• 06.16.17

I Was One Of The First 45 Fans To Listen To Lorde’s New Album “Melodrama”

Did I mention she was in the room while I was listening to her newest body of work in four years? Yes, we were both nervous.

I Was One Of The First 45 Fans To Listen To Lorde’s New Album “Melodrama”

About three weeks ago, I stood in a crowd of thousands at Governors Ball, watching Lorde explode on stage to the thudding piano beats of her single “Green Light.” It was one of the first hot days of summer, and I smelled like the Miller Lite I’d been holding when a bro rammed into me trying to get closer to our Lorde. The show was sweaty and alive as we danced along with a Lorde who seemed incapable of holding the music inside her. It lit up her limbs, and we understood those jerky, spastic movements that have become her signature–she just can’t help herself.


And then I heard her new album the way it was maybe meant to be heard: in a small, dark room with 44 other Lorde superfans–almost all of whom were between 18 and 23 years old–as Lorde herself explained the story and writing process behind each of Melodrama‘s 11 tracks. On Tuesday morning, Lorde tweeted that she wanted to do something “super intimate” for 45 of her New York City fans. Thanks to the quick emailing and generosity of a friend, I got to be one of them.

At 8:30 p.m., the 45 chosen ones were shuffled into the dimly lit basement of Sing Sing Karaoke on New York City’s Lower East Side, where we were given air conditioning, pizza, sliders (which Lorde referred to as “small burgers”), and soda. It was the pizza party of our dreams. As we waited for the 20-year-old singer, we chatted like drunk girls in the bathroom, floaty and giddy and generous with our compliments of Lorde and each other. The girl next to me, a self-proclaimed nervous talker, repeatedly mentioned that she was going to puke up all that delicious pizza. We passed around cupcakes, reveling in the fact that we could all say Lorde bought us dinner and not be lying.

And then Lorde appeared, in two braids, wearing a jacket with “Scorpio” emblazoned on the back. The first thing she did was light candles. And then she pulled up the album on her phone, and our giddiness fell silent as we listened to the first bars of “Green Light.”

When I first heard Lorde’s single “Liability,” which she performed on Saturday Night Live back in March, I misheard the lyric, “every perfect summer’s eating me alive” as “every perfect song was eating me alive.” The latter is what listening to Melodrama with Lorde in the room is like–the harshness, the gnashing of teeth, the small smile on her face as she sat, head resting on her hands and eyes to the floor as if too shy to look at us. It was like being eaten alive in the most lovely way, the joy in being devoured whole, in being known.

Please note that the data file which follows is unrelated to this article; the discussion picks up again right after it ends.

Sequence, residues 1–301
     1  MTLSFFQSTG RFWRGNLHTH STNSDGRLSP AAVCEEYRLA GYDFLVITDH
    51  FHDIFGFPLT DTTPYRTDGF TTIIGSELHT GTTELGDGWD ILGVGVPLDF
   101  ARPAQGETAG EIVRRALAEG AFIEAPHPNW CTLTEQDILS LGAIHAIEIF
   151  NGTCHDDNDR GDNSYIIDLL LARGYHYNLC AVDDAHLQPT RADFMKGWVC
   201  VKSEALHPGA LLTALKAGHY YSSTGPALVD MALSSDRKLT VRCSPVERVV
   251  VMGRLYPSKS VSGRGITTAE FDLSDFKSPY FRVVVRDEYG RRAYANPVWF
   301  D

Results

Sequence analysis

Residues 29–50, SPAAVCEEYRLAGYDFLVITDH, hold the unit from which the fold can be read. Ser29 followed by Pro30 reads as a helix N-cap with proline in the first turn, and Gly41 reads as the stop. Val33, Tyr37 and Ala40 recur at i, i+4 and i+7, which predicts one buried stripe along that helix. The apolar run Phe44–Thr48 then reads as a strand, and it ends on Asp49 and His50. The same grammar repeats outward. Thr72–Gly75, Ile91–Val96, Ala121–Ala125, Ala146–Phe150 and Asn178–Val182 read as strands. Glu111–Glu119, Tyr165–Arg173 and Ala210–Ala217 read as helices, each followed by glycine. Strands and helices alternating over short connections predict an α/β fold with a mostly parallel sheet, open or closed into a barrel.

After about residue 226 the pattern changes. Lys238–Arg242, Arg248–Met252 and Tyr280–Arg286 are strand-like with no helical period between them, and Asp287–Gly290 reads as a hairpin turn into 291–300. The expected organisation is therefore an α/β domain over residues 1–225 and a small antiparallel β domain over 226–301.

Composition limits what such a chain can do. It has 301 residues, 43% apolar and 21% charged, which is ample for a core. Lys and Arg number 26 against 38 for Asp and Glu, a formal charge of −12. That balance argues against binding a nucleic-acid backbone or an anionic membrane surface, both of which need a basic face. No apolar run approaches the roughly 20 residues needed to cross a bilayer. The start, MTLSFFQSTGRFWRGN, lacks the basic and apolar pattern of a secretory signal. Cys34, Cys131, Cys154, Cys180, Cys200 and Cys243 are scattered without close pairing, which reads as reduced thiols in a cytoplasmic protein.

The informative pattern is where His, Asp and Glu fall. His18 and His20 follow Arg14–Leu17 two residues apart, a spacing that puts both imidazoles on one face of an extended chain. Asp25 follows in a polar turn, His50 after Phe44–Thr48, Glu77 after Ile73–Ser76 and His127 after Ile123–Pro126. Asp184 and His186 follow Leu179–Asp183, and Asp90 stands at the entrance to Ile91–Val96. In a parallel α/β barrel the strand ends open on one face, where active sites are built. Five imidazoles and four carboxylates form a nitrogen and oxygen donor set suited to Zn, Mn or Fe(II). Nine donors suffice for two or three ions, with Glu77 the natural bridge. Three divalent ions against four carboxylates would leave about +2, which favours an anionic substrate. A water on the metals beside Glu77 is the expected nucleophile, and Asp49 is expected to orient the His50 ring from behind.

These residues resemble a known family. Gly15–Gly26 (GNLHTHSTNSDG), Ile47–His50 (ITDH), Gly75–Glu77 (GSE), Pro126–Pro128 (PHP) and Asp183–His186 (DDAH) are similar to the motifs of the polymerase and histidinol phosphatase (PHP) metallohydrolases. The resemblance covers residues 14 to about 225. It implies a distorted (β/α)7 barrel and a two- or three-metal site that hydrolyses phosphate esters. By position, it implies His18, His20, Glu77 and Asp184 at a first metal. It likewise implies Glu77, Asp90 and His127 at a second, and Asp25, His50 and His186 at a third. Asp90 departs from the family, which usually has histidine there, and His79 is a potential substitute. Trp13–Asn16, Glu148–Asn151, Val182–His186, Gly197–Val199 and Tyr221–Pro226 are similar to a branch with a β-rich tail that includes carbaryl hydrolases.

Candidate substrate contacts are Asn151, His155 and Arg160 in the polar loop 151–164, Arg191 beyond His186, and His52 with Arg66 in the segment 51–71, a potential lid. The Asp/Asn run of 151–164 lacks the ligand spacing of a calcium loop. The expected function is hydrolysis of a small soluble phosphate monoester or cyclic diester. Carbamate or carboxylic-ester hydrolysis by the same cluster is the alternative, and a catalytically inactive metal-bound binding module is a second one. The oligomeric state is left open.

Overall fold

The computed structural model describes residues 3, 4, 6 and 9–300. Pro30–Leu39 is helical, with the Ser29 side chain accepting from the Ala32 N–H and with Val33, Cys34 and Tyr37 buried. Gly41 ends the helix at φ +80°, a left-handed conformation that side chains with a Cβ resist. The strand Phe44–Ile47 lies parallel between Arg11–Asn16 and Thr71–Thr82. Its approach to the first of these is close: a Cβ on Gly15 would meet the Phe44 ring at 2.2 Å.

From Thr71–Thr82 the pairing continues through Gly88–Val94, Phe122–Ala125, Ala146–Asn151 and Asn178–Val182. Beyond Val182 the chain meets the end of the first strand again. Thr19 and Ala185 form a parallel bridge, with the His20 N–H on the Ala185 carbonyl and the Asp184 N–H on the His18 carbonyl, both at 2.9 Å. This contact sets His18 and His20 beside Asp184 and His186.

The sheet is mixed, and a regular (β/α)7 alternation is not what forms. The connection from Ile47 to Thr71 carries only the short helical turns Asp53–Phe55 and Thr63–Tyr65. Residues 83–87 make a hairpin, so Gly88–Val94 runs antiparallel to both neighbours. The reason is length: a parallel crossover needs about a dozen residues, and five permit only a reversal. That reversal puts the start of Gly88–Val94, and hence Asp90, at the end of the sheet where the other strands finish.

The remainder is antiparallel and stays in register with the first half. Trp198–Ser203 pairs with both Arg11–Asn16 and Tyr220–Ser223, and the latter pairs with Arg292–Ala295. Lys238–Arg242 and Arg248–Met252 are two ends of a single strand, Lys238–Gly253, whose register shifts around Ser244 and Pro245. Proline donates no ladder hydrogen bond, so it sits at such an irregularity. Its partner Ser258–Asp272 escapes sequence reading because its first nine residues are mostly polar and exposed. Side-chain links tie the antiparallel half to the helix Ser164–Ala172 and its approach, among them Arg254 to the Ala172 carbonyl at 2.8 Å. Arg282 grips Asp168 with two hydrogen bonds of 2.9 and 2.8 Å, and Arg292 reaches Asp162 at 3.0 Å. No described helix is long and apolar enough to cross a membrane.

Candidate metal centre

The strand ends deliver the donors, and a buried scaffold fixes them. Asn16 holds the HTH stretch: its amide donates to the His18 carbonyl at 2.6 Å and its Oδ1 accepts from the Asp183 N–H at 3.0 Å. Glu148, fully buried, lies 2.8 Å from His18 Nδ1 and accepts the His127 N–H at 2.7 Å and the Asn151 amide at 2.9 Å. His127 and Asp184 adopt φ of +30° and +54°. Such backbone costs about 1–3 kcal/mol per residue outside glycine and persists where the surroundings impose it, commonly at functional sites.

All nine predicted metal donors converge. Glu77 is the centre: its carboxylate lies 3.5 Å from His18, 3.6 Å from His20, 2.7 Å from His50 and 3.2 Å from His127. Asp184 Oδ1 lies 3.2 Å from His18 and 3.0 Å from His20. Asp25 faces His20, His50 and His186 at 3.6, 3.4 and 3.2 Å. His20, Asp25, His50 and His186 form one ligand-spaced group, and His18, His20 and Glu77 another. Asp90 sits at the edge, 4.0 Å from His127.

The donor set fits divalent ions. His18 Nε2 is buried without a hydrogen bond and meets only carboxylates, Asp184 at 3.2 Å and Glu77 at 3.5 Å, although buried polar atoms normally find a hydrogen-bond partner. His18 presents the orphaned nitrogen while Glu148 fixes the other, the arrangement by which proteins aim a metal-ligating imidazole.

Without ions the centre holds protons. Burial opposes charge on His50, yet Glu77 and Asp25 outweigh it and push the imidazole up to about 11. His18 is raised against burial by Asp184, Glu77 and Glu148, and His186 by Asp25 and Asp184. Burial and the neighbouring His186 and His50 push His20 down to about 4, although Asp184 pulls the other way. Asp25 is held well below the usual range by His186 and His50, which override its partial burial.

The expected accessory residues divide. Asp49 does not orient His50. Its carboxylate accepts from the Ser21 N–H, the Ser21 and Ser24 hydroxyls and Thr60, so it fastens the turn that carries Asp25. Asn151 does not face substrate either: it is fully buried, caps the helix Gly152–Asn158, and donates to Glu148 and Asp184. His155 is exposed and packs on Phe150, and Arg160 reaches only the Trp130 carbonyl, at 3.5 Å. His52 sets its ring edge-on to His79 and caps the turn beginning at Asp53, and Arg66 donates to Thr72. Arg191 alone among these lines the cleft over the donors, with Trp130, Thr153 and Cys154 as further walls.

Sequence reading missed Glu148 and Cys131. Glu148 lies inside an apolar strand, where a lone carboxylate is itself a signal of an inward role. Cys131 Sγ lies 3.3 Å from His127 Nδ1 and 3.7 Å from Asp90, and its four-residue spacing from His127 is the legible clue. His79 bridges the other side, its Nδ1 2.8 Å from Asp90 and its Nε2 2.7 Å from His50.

That has always been one of Lorde’s strengths: the knowing. At one point during the night, she referred to her song “Hard Feelings/Loveless” as being a song about our generation, us young millennials–about how we fuck each other up and act like we don’t care. The use of the word “we” felt so deliberate, a way of acknowledging the shared experiences of our similar ages, even across obvious differences in wealth and level of notoriety. Her first record, Pure Heroine, spoke to a specific kind of suburban lifestyle, the reality and also the romanticization of hanging around swimming pools and imagining futures that felt very far off in the distance.

Now, the future is not so far off. And maybe that’s what Melodrama is about–facing the idea that those perfect summers will end, that the perfect songs will end, that maybe they weren’t so perfect after all. She gets at that notion again on “Supercut,” which is about remembering only the best parts of relationships. On the very Robyn-esque number–which Lorde said was the musical sister to “Green Light” but the emotional sister to Pure Heroine track “Ribs”– she sings a line that sounds something like “In my head I do everything right.” For Lorde, the what-ifs seem equally important to the reality–the way we think about how the things that happen in our lives matter, even if it differs from the truth. She is offering us a coping mechanism for when things turn sour, as if to say your first heartbreak can taste sweet.


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During the night, Lorde passed around handwritten cards with her favorite, most important lines from Melodrama. Mine is a line from “Sober II (Melodrama)”: “Oh, how fast the evening passes, cleaning up the champagne glasses.” It has a little scribbled champagne glass in the corner.

The lyric strikes me as one of the most powerful on the record. It’s the lesson learned at the end of each party and at the end of each high: Savor the fizz, because sooner than you think you’ll come down, and then you’ll have to clean yourself up. But on Melodrama, which ends with the energetic and upbeat “Perfect Places,” it feels like Lorde is saying that maybe there can be a little joy in the dish washing, too.

About the author

P. Claire Dodson is an editorial assistant at Fast Company. Follow her on Twitter: @Claire_ifying.